The legacy of having a sit down Caribbean meal in the U.K. stretches back almost a century, with references to individuals eating rice ‘n’ peas in central London as far back as the 1920s. After the world wars, when the Caribbean population began to develop in the UK, the basements of houses in areas like Brixton and Notting Hill provided the locale for meals and parties known as “shebeens.” For years, Caribbean bakeries and takeaways dominated the restaurant enterprise in London, and it’s only in the last decade or so that places for a sit-down Caribbean dining experience have come to the fore.Read More
London’s Essential Caribbean Restaurants
Where to find the cuisines of the island collective at their best — Trinidadian, Bajan, Dominican, and more
When Rudie’s unveiled its deep green and gold exterior just north of Kingsland road, its name immediately exploded on to the east London food scene. After extensive research in Jamaica, Rudie’s mix of delicious Jamaican classics and playful creations still thrills Dalston regulars and visitors from across the city.
In the shadows of east London’s Canary Wharf exists a rare opportunity for elegantly dressed curry goat and rice ‘n‘ peas accompanied by piano and swooning live music. The family here has endeavoured to introduce a level of silver service not commonly found in the cuisine; for afters, the indulgent homemade rum cake is not to be missed.
Underneath the train tracks of south east London’s Deptford station and a few steps from the home of Deptford’s high street market, Buster Mantis is accommodated in a row of railway arches. Redefining what it means to be a Caribbean restaurant, many don’t even draw the conclusions until perusing the innovative menu filled with jackfruit burgers and saltfish fritters. For one of the best weekday outings in London, have dinner on a Wednesday and bring the dancing shoes for Afro-Jazz from Steam Down: it’s a party.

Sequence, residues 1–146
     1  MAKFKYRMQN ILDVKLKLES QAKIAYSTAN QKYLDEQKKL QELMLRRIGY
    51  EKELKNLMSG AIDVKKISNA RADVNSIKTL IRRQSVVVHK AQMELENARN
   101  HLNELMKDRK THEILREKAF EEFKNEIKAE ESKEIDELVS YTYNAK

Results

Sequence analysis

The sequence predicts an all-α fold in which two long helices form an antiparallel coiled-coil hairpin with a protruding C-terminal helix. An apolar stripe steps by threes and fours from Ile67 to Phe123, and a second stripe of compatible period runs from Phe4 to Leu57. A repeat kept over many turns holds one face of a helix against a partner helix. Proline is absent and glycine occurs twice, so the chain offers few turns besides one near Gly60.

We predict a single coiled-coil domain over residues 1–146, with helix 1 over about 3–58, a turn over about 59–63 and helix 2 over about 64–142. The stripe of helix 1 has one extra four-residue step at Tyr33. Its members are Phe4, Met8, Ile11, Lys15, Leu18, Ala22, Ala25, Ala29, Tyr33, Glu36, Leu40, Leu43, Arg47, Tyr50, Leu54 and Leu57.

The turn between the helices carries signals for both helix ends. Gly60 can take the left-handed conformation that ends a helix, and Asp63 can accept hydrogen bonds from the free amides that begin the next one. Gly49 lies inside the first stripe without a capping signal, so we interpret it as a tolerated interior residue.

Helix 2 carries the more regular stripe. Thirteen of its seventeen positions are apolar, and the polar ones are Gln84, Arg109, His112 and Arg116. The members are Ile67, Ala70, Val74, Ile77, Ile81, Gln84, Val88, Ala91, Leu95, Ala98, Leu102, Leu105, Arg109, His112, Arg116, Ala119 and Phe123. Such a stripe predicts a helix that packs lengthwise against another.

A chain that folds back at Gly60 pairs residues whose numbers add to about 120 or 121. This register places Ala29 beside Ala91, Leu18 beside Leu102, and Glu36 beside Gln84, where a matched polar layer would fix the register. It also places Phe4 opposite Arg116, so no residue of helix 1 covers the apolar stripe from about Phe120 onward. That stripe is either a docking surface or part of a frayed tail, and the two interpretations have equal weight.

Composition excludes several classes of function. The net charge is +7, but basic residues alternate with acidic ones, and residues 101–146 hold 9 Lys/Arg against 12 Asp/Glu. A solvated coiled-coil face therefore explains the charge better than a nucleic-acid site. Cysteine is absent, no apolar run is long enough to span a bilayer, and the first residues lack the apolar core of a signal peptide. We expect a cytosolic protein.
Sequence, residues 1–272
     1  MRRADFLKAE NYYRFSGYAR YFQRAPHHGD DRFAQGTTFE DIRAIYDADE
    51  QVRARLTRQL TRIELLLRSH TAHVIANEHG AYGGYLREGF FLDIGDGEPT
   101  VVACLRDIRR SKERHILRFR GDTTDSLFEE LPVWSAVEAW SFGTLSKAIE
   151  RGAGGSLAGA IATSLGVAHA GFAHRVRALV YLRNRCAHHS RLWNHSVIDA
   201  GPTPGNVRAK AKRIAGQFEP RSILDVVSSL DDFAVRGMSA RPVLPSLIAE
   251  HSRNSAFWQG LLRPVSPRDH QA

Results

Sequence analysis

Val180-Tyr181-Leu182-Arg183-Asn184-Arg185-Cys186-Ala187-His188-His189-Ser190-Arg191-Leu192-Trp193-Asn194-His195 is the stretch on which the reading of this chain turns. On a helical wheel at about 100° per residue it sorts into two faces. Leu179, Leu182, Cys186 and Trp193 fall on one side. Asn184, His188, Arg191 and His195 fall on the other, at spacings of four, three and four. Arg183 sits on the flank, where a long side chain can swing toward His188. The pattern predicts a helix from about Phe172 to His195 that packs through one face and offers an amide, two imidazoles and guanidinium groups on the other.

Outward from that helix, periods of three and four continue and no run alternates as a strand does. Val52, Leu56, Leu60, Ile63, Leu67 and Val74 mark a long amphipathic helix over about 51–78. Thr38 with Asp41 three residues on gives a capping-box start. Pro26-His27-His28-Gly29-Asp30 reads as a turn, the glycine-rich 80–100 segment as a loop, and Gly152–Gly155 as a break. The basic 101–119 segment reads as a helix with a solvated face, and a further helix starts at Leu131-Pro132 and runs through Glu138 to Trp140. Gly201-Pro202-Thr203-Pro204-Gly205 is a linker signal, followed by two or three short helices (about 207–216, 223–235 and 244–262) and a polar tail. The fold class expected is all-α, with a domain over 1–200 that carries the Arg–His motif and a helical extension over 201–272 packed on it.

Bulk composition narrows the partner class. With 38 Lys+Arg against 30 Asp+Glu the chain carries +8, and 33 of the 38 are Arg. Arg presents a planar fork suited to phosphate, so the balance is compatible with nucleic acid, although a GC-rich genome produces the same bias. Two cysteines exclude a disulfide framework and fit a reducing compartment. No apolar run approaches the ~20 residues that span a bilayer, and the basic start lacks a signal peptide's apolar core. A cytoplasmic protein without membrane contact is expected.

Everyone from the borough of Lewisham knows Cummin Up, either by first hand experience of passing one of the many locations, or having met the affable owner Richard Simpson out and about. While most are familiar with the takeout spot in New Cross, the Catford branch has been bolstered by a newly renovated dining space and Sunday buffets complete with spicy wings, fried and escovitch fish and much more. Sustenance is hard to come by if left too late in the day.
Brown Eagle located right across from White Hart Lane in the rapidly changing Tottenham high street has a log cabin type feel immediately reminiscent of the tropics. While the menu focuses on Caribbean latter-day mainstays like oxtail and brown stew, the eponymous special fish or chicken are an obvious choice; a “secret spicy seasoned” option not found anywhere else in London.
Beyond Hackney, options for a sit-down Caribbean meal grow more scarce the further east you travel. Open for twenty years now, Calabash has stood the test of time. Anybody expecting the likes of curry goat, jerk chicken or oxtail won’t be disappointed. However, on Sundays an homage to a mix of English and Caribbean culture is on full display, with a choice of lamb chops or a roast chicken accompanied by plantain and rice ‘n’ peas.